Alzheimer’s Disease Early Detection – How Do We Make the Important More Urgent?
Phyllis Barkman Ferrell
Eli Lilly & Company

lzheimer’s disease (AD) is a relentless, fatal disease creating a health crisis for patients, families, and nations worldwide. And while it is not ebola or coronavirus in its speed, rest assured, it is deadly. As our global population ages, this disease, which is crippling families today, will crush our national economies and handicap our global workforce in ways that are immeasurable. With an estimated 44 million people living with dementia worldwide, this is a truly global crisis. However, while solutions must cut across sectors and nations, due to the variability of healthcare systems, solution implementation and policy recommendations will need to be locally understood and supported.

Current AD treatment options are limited to symptomatic treatment and they do not work for everyone. Alzheimer’s is the only one of the top six diseases affecting Americans where there is no treatment to prevent, cure, or slow the disease. And although NIH funding has increased ten-fold over the last several years, the path to a treatment is slow and arduous. While the scientific hurdles are steep, they are only part of the challenge in Alzheimer’s disease. Our current healthcare systems are ill-equipped to deliver improved patient outcomes today and will not allow new therapies to efficiently reach the patients that will benefit most in the future.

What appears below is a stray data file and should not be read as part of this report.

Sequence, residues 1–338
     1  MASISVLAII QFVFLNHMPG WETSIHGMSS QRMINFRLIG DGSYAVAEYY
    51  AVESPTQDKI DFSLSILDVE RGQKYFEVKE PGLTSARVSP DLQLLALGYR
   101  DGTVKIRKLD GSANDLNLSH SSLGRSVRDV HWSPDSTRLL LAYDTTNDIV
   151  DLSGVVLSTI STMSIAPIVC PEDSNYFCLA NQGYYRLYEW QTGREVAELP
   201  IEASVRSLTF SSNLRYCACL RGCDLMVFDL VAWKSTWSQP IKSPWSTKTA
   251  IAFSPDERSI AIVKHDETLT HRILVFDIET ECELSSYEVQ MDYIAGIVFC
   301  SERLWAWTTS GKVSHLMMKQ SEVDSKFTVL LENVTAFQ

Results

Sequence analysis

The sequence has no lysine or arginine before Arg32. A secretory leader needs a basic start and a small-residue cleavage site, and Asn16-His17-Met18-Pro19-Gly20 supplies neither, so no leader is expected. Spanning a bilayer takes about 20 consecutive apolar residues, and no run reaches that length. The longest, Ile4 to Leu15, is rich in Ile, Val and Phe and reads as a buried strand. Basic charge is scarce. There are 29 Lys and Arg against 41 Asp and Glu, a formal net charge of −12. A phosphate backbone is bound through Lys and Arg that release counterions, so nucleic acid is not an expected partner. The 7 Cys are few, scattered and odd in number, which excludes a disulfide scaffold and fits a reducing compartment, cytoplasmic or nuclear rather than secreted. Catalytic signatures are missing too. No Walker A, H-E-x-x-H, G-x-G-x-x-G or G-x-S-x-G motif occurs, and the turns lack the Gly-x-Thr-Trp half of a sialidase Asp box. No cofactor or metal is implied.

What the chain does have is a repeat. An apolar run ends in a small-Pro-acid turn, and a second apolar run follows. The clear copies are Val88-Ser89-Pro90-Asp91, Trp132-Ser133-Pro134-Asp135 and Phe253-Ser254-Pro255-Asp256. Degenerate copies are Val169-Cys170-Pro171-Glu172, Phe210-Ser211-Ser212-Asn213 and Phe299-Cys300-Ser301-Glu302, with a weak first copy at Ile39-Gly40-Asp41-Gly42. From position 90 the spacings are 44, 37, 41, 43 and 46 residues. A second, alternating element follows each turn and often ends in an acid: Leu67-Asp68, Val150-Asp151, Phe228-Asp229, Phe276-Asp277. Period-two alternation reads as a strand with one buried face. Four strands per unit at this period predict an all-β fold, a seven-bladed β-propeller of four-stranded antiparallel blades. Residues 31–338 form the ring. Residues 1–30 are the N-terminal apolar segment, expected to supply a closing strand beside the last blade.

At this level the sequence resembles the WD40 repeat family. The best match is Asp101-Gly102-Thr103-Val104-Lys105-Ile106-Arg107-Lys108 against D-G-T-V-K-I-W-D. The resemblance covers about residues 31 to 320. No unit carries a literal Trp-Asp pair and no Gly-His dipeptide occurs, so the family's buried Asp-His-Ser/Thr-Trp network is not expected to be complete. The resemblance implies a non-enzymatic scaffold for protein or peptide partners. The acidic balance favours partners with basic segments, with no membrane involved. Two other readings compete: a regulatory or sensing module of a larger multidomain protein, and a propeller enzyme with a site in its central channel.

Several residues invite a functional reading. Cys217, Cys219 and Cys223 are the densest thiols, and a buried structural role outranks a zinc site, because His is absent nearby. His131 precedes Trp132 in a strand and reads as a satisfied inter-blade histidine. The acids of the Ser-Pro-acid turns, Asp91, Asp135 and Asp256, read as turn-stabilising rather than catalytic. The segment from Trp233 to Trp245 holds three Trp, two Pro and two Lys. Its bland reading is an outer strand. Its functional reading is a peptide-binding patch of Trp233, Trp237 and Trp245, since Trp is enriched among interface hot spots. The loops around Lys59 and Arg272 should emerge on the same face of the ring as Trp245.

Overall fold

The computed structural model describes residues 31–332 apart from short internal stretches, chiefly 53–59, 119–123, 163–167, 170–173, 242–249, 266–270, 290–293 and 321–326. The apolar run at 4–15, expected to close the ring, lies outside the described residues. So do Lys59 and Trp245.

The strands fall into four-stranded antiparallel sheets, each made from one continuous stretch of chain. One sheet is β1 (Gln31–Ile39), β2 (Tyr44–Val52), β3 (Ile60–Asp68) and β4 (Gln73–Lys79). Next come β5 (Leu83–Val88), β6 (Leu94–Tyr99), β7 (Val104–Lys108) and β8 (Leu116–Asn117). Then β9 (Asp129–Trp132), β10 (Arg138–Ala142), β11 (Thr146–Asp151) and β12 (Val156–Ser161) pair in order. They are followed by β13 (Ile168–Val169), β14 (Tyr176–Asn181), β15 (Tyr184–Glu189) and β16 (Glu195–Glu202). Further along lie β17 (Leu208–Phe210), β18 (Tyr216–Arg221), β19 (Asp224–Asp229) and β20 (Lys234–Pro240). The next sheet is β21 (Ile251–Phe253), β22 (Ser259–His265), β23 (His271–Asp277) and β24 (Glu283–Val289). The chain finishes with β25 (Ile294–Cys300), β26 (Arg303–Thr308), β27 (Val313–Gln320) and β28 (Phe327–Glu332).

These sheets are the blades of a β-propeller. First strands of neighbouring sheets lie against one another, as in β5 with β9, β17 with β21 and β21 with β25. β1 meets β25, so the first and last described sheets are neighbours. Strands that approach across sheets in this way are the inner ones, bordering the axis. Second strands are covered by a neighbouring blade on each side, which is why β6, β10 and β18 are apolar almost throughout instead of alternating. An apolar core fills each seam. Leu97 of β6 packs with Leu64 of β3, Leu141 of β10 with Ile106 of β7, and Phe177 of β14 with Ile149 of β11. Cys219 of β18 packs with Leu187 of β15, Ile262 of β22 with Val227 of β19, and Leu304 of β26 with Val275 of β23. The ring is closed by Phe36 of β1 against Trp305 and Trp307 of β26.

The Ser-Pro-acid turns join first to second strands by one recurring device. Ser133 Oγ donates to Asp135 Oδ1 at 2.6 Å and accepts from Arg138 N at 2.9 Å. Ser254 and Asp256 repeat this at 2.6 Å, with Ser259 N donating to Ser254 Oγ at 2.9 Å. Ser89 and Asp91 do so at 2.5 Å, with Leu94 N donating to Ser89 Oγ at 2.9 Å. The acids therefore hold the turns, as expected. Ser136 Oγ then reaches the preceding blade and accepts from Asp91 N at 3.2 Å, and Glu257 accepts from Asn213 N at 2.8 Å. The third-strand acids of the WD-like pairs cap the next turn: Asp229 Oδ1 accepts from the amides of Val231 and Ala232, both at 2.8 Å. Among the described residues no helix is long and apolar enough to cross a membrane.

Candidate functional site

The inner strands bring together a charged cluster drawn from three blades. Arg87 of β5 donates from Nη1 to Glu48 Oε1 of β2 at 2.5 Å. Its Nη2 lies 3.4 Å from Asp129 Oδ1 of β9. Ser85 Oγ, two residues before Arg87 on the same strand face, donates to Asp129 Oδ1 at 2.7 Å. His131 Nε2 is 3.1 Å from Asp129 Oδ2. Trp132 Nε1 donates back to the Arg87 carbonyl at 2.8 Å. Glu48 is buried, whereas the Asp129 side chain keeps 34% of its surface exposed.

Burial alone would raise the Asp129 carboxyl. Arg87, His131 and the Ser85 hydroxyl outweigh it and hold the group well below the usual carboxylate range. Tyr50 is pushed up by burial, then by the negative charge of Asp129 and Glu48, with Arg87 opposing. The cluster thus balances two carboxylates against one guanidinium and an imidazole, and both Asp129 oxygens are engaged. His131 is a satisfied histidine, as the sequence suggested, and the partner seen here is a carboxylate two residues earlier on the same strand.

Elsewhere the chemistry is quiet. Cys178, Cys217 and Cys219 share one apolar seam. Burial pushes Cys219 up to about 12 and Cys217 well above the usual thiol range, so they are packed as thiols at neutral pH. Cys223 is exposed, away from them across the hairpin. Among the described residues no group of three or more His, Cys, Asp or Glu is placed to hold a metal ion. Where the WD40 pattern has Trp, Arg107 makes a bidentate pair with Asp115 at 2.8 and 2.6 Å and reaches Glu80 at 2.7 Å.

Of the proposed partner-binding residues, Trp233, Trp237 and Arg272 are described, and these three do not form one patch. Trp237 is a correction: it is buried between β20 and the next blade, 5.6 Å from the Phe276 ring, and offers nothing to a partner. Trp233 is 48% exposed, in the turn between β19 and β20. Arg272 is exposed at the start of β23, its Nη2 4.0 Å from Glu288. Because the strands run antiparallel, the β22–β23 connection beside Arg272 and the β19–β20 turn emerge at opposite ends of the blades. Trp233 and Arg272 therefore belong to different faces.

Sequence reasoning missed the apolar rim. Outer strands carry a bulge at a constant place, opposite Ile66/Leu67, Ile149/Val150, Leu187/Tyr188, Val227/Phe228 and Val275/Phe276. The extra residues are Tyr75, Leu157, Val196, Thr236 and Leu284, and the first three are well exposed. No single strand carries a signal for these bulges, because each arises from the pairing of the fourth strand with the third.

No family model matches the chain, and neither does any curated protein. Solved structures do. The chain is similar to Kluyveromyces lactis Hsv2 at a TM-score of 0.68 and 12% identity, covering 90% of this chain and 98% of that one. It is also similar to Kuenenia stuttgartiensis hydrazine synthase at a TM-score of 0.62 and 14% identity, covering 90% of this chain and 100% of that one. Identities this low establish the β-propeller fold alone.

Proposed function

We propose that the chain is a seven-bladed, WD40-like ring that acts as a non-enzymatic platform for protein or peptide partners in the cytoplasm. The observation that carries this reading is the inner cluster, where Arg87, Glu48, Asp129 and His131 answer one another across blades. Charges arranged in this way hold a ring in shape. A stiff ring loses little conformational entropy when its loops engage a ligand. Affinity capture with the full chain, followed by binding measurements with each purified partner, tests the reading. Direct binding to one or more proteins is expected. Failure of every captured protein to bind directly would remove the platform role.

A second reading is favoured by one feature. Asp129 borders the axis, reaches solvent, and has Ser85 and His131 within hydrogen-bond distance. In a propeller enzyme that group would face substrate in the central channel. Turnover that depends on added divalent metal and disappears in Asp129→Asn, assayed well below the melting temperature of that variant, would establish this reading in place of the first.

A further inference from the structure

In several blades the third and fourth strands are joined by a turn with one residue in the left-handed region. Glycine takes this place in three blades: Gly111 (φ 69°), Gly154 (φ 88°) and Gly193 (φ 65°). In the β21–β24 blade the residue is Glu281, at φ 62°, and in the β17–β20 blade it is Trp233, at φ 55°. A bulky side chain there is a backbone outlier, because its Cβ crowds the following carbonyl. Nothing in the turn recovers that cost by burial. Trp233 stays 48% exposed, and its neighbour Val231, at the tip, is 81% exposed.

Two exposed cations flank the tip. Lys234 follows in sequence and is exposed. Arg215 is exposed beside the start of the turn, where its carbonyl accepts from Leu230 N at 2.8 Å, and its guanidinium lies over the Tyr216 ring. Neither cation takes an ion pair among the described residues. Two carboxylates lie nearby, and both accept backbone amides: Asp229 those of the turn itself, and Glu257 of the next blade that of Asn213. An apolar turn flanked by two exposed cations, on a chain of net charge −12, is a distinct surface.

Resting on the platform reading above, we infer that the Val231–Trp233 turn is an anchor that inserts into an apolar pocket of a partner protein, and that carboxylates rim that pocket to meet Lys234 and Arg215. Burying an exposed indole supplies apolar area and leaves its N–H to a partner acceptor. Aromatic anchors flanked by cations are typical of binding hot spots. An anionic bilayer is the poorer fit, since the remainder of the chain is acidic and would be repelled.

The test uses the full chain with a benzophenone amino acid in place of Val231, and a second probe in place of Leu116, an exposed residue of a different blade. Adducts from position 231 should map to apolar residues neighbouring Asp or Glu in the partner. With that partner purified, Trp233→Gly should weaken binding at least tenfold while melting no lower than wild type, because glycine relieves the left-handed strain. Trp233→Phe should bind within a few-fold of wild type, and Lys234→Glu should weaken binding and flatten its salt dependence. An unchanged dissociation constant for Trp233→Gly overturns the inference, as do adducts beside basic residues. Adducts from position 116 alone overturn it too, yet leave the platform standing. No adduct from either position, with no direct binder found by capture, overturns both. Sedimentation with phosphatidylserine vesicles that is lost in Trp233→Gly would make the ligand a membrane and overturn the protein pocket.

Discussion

The Challenge